When it comes to interoperability, ensuring that different projects and applications can seamlessly share data is a significant factor. There is a wide variety of potential applications for this technology, although it is not yet clear what kinds of goods and services this will result in. It has the potential to create an entirely new financial ecosystem, in which each individual parachain would be responsible for managing a specific aspect in turn.
Any community that is connected to a particular parachain will have the ability to govern their network in whatever manner they deem appropriate. In addition, the future governance of Polkadot as a whole is dependent on the contributions of all of the communities. The process of collecting feedback from the community can result in insightful discoveries that help projects improve over time.
Additionally, upgrading specific parachains is made very simple with Polkadot’s support. There is no need for hard forks because doing so can cause communities to become fragmented. Instead, the native chain can be upgraded in a way that does not require any friction.
The DOT token explained
Polkadot, as is the case with the vast majority of other blockchain infrastructure projects, has its own native token. It is denoted by the symbol DOT and functions as the network token, just as ETH does the job for Ethereum and BTC does it for Bitcoin. Both of these symbols are abbreviated ETH and BTC.
There are many different applications for this token. To begin, it provides token holders with governance rights over the entire Polkadot platform. These rights allow token holders to vote on important issues. Among these responsibilities are the setting of network fees, voting on overall network upgrades, and the deployment of parachains or their removal.
Staking is another method that DOT is designed to employ in order to facilitate network consensus. All holders of DOT tokens have an incentive to adhere to the network’s rules at all times, just like users of other networks that involve staking. Why is that? If they don’t, then they run the risk of having their stake lost.
The use of DOT as the bonding method is the third alternative. This is a necessary step in the process whenever the Polkadot ecosystem receives new parachains. The bonded DOT will be locked up while the bonding period is in effect. After the bond duration has come to an end and the parachain has been removed from the ecosystem, it is then freed.
Staking and bonding on Polkadot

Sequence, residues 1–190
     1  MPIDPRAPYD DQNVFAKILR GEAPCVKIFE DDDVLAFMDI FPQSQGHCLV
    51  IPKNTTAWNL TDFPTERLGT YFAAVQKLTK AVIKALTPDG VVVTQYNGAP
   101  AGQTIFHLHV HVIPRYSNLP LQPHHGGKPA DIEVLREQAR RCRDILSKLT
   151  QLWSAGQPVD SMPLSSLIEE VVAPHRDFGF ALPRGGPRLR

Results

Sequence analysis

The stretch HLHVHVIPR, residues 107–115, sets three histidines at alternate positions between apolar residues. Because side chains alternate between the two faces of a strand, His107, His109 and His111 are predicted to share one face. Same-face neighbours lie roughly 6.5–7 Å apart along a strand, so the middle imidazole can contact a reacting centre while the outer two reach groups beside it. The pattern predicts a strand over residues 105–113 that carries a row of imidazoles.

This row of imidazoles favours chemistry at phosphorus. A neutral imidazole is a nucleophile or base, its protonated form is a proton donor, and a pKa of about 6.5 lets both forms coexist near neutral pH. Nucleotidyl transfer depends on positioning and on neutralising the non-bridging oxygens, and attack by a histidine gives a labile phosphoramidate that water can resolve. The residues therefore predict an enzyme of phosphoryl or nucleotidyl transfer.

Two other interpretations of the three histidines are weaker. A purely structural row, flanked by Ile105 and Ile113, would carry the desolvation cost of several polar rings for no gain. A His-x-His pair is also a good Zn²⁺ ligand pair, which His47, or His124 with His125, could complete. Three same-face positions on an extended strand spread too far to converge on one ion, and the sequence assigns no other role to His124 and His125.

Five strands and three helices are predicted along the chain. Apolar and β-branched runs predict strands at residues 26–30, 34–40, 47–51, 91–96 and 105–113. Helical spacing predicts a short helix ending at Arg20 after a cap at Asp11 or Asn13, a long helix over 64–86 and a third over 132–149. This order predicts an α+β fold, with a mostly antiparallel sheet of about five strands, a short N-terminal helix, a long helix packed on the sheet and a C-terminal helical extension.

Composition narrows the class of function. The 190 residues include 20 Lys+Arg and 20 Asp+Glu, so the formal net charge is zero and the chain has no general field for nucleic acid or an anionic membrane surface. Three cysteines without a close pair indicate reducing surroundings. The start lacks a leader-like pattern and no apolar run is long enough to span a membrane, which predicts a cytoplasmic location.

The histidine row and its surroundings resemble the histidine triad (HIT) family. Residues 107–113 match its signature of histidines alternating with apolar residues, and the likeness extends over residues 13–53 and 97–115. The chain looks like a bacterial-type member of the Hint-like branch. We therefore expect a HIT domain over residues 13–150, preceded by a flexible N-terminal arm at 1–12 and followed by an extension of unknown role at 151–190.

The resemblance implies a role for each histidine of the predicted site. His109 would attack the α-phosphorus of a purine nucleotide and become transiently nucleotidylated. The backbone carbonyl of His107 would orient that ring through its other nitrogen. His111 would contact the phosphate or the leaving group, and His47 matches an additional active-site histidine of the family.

The approach to interoperability taken by Polkadot goes far beyond the simple trading of data and assets with other platforms. It is also a way to introduce new ideas, such as incentivizing honest token staking and bonding tokens, which are both examples of new ideas that can be introduced this way.
There is nothing novel about the idea of staking tokens on a blockchain network. This consensus model, which is known as Proof of Stake (PoS), encourages users to stake coins on the network by rewarding them for doing so. When playing Polkadot, those who bet honestly are rewarded, while dishonest players risk losing their entire wager.
As was discussed earlier, the process of adding a new parachain involves bonding DOT tokens together. The process of committing tokens to the network for a predetermined amount of time is referred to as bonding. Chains that aren’t useful or projects that aren’t being maintained anymore will be removed, and the bonded tokens associated with them will be returned.
Polkadot has four core components:
- Relay Chain: Polkadot’s “heart,” helping to create consensus, interoperability and shared security across the network of different chains;
- Parachains: independent chains that can have their own tokens and be optimized for specific use cases;
- Parathread: similar to parachains but with flexible connectivity based on an economical pay-as-you-go model;
- Bridges: allows parachains and parathreads to connect and communicate with external blockchains like Ethereum.
Polkadot is a sharded multichain network, which means that it is capable of processing many transactions on several chains simultaneously (also known as “parachains”). The increased scalability is a result of this parallel processing power.
Through the use of the Substrate framework, developing bespoke blockchains is a quick and simple process, and they can be connected to Polkadot’s network in a matter of minutes. The network is also very adaptable and highly flexible, which enables participants to share information and functionality with one another in a manner analogous to how apps on a smartphone function. In order to add new features or fix bugs, Polkadot can be automatically upgraded without the need for a separate branch to be created first.
The network is governed by a user-driven governance system that is extremely sophisticated and contributes to the network’s overall security. Communities using Polkadot can tailor the governance of their blockchain to meet their specific requirements and adapt to changing circumstances. Nominators, validators, collators, and fishermen all perform a variety of tasks to assist in the protection and maintenance of the network as well as the elimination of undesirable behavior.
What Makes Polkadot Different From Ethereum?
Polkadot and Ethereum both have notable founders, so there has been a lot of discussion regarding the differences between the two cryptocurrencies.